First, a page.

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rules expand the current provision covering disclosure of examination requirements for receiving a local, state, or federal license; mandates disclosure of whether the course work completed at the school qualifies a student to meet employment requirements,12 3 and clarifies conditions under which credits from another institution will be accepted.12 4 The DOE identified these areas as requiring the utmost transparency from for-profit colleges to ensure students are truly aware of the value of the program in which they are enrolling.' There are numerous examples of students who have enrolled at a forprofit college only to find upon completion that they were responsible for varying amounts of student loan debt and held a degree that provided no credentials.1 26 For example, Sherry Hafferkamp wanted her master's degree in psychology.127 Persuaded by an Argosy University admissions counselor's enticement of earning a doctorate, and pressured to make her decision quickly because only two spaces remained, she enrolled in the doctorate program at Argosy University in North Dallas, Texas. 1 2 8 At the time of enrollment, Ms. Hafferkamp was assured that the degree from Argosy would be accredited by the American Psychological Association (APA), but Argosy never received the accreditation it expected to receive from the APA.129 Because the program was not accredited, her completed degree does not allow her to legally practice as a psychologist in Maryland, where she now lives.' 3 o Ms. Hafferkamp is currently trying to make ends meet while paying down over $100,000 in federal student loans.131 Equally distressing is the story of Yasmine Issa. Ms. Issa, a single mother, testified directly before the HELP committee. 3 2 Upon success-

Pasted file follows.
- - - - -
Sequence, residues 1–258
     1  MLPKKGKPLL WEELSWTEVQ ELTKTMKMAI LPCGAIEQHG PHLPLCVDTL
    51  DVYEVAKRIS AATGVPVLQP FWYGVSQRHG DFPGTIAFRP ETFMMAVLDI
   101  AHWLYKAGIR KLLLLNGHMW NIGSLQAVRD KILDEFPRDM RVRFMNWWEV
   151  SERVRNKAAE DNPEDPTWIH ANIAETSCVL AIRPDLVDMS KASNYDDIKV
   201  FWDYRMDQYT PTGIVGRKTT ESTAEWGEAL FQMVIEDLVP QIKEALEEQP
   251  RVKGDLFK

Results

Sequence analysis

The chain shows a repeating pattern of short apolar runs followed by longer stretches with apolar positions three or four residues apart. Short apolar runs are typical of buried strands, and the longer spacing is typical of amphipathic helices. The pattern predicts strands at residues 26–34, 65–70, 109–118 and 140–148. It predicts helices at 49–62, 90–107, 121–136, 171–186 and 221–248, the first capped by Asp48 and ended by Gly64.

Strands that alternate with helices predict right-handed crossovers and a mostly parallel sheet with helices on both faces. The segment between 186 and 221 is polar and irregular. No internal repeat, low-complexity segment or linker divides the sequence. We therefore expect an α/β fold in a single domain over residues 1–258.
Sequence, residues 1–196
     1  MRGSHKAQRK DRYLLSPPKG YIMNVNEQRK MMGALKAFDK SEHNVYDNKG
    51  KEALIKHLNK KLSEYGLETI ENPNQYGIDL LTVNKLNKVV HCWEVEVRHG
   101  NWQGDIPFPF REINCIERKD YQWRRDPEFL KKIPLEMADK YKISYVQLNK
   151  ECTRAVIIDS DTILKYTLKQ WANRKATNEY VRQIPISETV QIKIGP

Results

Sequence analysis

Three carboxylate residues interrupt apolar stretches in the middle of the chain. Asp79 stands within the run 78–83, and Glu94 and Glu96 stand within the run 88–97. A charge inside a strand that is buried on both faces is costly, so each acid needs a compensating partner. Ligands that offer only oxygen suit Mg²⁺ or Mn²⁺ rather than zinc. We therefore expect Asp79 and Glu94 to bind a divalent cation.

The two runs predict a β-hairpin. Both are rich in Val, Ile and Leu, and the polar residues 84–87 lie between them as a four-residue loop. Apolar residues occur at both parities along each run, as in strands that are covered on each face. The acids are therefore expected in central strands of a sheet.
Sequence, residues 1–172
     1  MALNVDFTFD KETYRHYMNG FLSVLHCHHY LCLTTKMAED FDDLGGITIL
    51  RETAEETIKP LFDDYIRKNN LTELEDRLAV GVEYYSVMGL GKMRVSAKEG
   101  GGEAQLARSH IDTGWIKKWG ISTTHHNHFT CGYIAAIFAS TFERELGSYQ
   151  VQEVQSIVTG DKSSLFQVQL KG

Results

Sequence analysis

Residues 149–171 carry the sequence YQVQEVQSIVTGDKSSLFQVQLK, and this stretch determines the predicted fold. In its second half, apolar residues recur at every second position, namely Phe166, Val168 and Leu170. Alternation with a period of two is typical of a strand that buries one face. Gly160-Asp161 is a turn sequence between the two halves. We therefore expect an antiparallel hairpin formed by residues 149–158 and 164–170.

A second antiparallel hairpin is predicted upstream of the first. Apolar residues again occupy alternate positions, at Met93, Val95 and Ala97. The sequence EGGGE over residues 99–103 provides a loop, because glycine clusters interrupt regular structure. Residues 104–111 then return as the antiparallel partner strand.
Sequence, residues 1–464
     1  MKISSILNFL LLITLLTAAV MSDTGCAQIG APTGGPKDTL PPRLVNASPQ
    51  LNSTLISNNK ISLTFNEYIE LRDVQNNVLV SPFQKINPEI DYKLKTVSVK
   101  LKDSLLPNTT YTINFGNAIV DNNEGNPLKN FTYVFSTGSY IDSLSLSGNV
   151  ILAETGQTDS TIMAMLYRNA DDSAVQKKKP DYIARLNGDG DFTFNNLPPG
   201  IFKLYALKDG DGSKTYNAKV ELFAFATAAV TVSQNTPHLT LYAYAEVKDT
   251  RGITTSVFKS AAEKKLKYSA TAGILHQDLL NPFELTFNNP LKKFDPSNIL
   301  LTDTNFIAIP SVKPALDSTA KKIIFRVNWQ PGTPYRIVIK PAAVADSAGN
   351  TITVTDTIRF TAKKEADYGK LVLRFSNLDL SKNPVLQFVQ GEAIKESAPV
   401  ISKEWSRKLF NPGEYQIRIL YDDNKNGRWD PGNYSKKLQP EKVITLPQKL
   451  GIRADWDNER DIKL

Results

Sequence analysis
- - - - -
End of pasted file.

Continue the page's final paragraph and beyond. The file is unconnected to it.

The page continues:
123. Id. 124. Id. 125. Id. at 34,834. 126. See, e.g., Complaint at 39, Montgomery v. Corinthian Colls., Inc., No. 10CH50281 (Ill. Cir. Ct. filed Nov. 23, 2010), 2010 WL 4815908 (a class action complaint alleging that defendant for-profit educational institutions engaged in fraudulent and deceptive practices in an effort to sell an education with little, if any, value); Transcript of Frontline: College Inc. (WGBH Educational Foundation television broadcast May 4, 2010), availableat http:// www.pbs.org/wgbh/pages/frontline/collegeinc/etc/script.html. 127. Transcript of Frontline: College Inc. (WGBH Educational Foundation television broadcast May 4, 2010), available at http://www.pbs.org/wgbh/pages/frontline/collegeinc/ etc/script.htmi. 128. Id. 129. Id. 130. Id. 131. Id. 132. Hearing Before the S. Comm. on Health, Educ., Labor and Pensions,111th Cong. 1 (June 24, 2010) (testimony of Yasmine Issa), available at http://help.senate.gov/imo/media/doc/lssa.pdf.